There is a drive to connect one billion persons worldwide by 2020. As more Africans get online, governments have the responsibility to protect the rights and freedoms of their citizens. Yet what we see currently are increased cases of crackdown on dissenting voices. In Kenya, bloggers have been arrested; in Ethiopia, bloggers have been jailed and continue to face serious threats; in Nigeria, the government is using section 24 of the Cybercrime Act 2015 as a tool for clampdown on bloggers.
Many African countries including Ethiopia, Uganda, Zimbabwe, Burundi, Chad, the Republic of Congo and Gabon have deliberately shut down the internet during major political events.
According to a report by the Brookings Institution, between 1 July 2015 and 30 June 2016, shutdowns have cost at least USD 2.4 billion in GDP globally, and Ethiopia alone has lost about USD 9 million during the internet shutdowns that occurred during that period.
Only 23% of Ugandans have access to the internet, yet the government has invested in expensive mass surveillance software like the “Fungua Macho”, which cost Ugandan taxpayers millions of shillings that could have been used to get more people online.
From the African Internet Governance Forum session on internet rights, one of the key recommendations was that African governments should not be scared of the internet as a “new media” that channels dissent; instead they should realise its potential as a platform for interacting with citizens, delivering services, enhancing open governance and contributing to the achievement of the Sustainable Development Goals.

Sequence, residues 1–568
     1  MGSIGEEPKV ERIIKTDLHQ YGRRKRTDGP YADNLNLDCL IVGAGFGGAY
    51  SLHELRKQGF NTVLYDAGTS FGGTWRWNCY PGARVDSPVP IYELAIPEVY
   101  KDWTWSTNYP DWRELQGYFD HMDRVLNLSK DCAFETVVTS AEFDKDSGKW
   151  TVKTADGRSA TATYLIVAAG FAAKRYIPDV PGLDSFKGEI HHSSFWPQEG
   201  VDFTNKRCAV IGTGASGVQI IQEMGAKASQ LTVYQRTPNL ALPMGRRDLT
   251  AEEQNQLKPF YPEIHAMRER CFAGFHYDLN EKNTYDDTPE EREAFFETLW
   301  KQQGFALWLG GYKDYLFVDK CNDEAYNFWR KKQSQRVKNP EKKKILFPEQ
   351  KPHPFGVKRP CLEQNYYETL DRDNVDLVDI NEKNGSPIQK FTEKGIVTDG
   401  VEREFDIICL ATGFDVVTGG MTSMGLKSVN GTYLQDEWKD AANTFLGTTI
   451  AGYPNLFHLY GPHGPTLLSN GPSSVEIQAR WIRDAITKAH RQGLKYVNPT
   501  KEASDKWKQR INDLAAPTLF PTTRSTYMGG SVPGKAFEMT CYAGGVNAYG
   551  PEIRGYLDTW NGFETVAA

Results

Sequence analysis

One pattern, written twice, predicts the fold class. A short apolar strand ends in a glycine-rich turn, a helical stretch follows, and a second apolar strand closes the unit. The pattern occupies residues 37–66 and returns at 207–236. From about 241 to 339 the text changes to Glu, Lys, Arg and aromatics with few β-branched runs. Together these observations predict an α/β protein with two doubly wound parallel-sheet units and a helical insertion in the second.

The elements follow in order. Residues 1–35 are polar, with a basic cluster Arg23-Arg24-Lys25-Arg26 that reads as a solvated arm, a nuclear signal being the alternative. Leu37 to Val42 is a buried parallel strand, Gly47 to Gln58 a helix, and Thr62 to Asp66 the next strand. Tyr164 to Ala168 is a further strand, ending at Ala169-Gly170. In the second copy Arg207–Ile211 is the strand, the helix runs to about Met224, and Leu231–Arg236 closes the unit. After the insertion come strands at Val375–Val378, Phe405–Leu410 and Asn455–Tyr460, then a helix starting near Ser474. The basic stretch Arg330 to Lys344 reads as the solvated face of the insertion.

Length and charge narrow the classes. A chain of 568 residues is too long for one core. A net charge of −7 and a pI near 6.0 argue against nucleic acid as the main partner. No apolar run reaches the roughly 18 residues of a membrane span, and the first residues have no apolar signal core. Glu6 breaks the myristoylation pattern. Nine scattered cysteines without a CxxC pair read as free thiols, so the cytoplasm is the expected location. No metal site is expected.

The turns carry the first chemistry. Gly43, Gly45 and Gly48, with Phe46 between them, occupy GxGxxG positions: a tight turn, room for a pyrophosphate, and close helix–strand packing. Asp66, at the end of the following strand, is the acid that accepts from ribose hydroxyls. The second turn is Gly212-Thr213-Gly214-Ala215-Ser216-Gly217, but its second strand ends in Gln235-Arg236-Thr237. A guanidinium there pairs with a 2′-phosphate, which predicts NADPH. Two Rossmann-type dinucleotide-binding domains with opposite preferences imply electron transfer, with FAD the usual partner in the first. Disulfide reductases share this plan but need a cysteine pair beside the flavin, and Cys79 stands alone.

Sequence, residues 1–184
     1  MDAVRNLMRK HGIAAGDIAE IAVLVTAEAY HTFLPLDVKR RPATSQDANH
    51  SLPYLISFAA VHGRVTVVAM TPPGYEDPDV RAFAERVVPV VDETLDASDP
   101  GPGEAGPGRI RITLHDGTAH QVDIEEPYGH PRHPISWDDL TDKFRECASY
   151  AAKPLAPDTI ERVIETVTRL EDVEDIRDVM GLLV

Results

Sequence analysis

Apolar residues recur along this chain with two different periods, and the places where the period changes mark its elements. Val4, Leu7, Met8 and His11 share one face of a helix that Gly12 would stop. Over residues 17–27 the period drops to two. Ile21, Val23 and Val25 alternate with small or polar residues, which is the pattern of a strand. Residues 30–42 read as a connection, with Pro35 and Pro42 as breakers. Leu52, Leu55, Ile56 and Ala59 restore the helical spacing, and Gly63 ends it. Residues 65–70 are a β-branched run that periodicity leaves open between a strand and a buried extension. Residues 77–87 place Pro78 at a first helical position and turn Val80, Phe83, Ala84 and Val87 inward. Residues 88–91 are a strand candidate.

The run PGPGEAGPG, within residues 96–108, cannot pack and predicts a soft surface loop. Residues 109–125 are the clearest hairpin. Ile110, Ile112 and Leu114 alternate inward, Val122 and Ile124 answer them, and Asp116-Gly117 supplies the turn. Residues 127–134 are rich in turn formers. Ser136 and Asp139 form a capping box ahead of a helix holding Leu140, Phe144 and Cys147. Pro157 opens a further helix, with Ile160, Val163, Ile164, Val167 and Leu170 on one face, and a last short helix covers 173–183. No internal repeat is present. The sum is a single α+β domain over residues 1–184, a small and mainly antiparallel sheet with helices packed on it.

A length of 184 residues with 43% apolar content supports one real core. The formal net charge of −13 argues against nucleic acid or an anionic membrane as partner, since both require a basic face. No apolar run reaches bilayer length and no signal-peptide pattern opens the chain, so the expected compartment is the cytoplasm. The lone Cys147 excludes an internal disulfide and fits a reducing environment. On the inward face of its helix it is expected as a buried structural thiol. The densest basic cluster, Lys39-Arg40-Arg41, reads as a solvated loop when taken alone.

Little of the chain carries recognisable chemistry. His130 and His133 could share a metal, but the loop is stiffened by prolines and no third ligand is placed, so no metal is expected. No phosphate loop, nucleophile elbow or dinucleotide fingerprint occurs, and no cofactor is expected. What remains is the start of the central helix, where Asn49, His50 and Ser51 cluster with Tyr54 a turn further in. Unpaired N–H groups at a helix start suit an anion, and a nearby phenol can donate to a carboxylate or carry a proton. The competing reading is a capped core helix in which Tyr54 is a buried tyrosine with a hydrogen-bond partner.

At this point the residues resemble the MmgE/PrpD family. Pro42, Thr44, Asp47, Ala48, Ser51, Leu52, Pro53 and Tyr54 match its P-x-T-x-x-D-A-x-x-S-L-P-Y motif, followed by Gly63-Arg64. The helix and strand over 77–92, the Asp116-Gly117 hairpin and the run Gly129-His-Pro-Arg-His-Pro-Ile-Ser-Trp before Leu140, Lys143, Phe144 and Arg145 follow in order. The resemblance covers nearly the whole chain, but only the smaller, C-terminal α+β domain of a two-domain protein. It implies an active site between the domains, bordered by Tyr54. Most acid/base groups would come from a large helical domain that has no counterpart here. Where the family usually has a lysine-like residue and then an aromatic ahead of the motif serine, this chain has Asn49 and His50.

And indeed, where the internet has been used as a tool for development, there has been a significant improvement in delivery of services. For instance, the National Water and Sewerage Corporation in Uganda is doing an incredible job in responding to customer needs immediately through Twitter, thus registering a significant improvement in the water sector. The government of Uganda worked with civil society to establish Askyourgov.ug, a platform that enables Ugandans to access information that is held by public officials, although the platform still needs to be popularised for it to be more effective.